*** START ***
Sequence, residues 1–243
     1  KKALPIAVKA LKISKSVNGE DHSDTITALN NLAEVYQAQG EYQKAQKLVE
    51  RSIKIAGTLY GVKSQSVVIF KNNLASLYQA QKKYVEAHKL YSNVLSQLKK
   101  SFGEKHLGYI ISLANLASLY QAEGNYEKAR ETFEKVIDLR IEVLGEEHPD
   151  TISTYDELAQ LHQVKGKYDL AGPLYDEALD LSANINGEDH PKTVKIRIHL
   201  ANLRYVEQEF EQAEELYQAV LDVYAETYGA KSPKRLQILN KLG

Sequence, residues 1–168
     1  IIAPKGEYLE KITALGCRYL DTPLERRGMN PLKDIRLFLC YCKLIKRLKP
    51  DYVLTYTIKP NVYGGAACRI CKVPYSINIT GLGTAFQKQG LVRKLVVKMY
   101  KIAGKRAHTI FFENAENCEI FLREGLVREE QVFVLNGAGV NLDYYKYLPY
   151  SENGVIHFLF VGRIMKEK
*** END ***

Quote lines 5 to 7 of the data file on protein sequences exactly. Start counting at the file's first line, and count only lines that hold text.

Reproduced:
   151  TISTYDELAQ LHQVKGKYDL AGPLYDEALD LSANINGEDH PKTVKIRIHL
   201  ANLRYVEQEF EQAEELYQAV LDVYAETYGA KSPKRLQILN KLG

Sequence, residues 1–168